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I use Outlook and PGP and have done for over 10 years without problems. The PGP outlook plugin just works. No complications to the setup. Only hitch recently is needing to upgrade PGP when I upgraded to Office 2007. (PGP 8.1 is deleting the entire email contents and doing weird things with attachments.)

There are several public key servers where you can upload your public key and find other peoples.

PGP is compatible with GPG so I can exchange encrypted emails with colleagues who use GPG and Thunderbird.

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PGP is one such system that I have used for emails.

There's a tutorial here or here.

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Thunderbird has a neat plugin called Enigmail for doing just what you want.

There are two systems for encrypting emails (and for assuring the authenticity of keys), S/MIME and PGP/MIME. The former uses a traditional PKI (public key infrastructure), meaning that your key has to be signed by a certificate authority to be usable.

Thawte has a Freemail service for signing email certificates for free, if you can find people in your area who can certify your identity in person (you will need to take at least one form of government-issued photo ID, preferably two, when you are being certified, such as passport and driving licence).

The PGP system uses a more grass-roots style of authenticating. You simply find other people who are already well known in the PGP "web of trust", and get them to verify you (again with similar documentary requirements, though different signers have different requirements).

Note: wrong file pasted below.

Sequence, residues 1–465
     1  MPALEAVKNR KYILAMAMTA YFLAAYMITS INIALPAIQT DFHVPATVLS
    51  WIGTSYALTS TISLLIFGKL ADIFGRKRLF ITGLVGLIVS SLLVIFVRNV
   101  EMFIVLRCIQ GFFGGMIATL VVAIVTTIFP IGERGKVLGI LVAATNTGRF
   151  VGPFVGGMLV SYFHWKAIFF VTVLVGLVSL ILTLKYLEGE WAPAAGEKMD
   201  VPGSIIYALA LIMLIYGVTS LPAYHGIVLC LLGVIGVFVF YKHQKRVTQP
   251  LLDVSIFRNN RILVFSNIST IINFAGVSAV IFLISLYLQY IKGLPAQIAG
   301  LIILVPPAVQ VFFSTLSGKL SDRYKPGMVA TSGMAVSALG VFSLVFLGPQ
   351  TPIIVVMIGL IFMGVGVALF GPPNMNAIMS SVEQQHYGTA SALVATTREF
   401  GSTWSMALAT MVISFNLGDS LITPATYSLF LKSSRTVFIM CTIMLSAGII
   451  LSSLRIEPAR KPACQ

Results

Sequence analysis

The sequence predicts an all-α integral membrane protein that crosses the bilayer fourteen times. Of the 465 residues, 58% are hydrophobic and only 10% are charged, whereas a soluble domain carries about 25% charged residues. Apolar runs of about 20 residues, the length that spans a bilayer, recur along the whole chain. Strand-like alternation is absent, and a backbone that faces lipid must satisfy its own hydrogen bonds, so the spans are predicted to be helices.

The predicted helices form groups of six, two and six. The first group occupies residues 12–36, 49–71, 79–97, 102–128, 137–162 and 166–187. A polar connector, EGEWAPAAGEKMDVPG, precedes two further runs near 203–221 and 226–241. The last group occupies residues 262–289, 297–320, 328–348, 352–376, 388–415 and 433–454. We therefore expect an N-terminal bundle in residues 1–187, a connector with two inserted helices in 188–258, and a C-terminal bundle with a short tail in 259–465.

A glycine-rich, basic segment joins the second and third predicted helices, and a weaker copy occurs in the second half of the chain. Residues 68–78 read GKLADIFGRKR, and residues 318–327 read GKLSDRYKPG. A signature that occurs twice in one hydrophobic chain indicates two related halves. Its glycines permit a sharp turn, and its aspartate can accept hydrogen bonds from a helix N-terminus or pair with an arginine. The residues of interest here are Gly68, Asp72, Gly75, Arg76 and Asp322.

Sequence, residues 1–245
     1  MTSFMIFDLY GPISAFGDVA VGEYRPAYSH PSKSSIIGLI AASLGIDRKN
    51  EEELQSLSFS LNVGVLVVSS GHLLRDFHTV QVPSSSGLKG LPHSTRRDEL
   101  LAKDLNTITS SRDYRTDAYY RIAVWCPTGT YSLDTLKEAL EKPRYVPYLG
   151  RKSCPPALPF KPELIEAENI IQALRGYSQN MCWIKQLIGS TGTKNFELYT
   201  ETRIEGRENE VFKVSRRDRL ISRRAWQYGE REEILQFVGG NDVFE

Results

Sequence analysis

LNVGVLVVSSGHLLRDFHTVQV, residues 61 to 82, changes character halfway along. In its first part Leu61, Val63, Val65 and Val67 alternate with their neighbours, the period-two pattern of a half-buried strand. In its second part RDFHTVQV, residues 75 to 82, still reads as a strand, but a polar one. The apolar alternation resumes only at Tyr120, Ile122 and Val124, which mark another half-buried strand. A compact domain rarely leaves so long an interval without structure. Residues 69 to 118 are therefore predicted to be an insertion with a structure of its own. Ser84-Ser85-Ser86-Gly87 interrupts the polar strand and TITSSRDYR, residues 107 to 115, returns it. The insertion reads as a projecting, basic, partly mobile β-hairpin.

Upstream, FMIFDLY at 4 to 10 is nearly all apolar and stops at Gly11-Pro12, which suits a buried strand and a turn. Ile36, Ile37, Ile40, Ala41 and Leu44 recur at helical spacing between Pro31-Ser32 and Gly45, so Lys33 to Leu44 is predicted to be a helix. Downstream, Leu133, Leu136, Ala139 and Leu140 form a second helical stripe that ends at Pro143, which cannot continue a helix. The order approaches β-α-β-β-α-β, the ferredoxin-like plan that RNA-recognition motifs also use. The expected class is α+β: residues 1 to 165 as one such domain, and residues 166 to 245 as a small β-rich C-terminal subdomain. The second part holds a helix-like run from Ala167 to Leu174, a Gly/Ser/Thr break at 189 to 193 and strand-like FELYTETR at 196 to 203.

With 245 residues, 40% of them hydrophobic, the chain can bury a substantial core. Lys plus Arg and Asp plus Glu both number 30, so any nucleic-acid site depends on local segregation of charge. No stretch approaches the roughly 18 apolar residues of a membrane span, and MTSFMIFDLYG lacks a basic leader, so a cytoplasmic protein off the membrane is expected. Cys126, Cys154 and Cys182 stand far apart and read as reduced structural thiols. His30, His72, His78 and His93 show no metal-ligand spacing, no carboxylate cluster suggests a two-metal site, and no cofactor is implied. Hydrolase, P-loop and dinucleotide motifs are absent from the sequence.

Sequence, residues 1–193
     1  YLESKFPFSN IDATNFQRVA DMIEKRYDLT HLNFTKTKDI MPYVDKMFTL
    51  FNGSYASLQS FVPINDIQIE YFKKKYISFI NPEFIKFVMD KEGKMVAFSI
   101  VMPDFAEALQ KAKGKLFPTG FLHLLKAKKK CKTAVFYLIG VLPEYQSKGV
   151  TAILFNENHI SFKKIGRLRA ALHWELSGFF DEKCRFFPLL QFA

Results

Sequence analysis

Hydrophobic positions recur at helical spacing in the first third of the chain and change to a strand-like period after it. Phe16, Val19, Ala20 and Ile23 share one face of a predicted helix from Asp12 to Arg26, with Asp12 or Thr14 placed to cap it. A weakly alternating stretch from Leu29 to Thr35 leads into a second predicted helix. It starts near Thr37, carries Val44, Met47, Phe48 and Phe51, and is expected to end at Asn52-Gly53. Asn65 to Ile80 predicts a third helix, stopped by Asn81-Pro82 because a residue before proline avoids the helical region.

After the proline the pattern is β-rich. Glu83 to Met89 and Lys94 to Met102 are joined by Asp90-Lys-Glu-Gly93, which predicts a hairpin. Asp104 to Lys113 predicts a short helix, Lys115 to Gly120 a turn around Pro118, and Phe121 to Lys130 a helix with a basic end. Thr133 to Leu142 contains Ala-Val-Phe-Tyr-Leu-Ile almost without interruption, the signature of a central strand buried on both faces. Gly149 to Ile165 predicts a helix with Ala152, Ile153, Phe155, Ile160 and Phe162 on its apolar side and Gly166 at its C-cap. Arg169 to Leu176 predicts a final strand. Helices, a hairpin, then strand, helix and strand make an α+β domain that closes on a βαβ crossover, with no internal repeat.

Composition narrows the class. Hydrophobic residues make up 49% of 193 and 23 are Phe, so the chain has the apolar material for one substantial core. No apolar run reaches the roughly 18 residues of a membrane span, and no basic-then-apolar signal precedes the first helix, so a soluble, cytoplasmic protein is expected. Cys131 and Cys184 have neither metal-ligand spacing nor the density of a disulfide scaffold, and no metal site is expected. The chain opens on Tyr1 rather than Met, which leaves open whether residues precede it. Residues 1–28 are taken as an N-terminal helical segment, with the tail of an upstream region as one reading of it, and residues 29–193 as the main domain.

To find such other people, you should seek out "PGP keysigning parties". They're occasions where everybody brings their ID, and everybody signs everybody else's key.

So to answer your question about how to trust keys you download: in the S/MIME model, a trusted CA (such as Thawte) has to sign it. In the PGP model, people who are "well known" (to you, at least, and preferably to most PGP users) have to sign it.

I happen to be a Thawte Web of Trust notary, so if you want to go the S/MIME route, live near Auckland, and happen to want to be verified, write a comment here or something. :-P

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I know the OP doesn't live near Auckland, but the note at the bottom applies to anybody else reading this who does. :-) – Chris Jester-Young Oct 24 '08 at 2:09

Use WinRAR, and give him the password in person.

WinRAR is VERY secure. There's a case where the goverment couldnt' get into files on a laptop a guy was carrying from Canada. He used WinRAR. They tried to make him give them the password, and he took the 5th. It was on appeal for s years, and the courts finally said he didn't have to talk (every court said that during this process). I couldn't believe someone would even think he couldn't take the 5th. The government dropped the case when they lost their appeal, because they still hadn't cracked the files.

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This exact answer is posted on at least three questions and doesn't have much to do with this question at all. -1. – tomfanning Apr 26 '12 at 9:41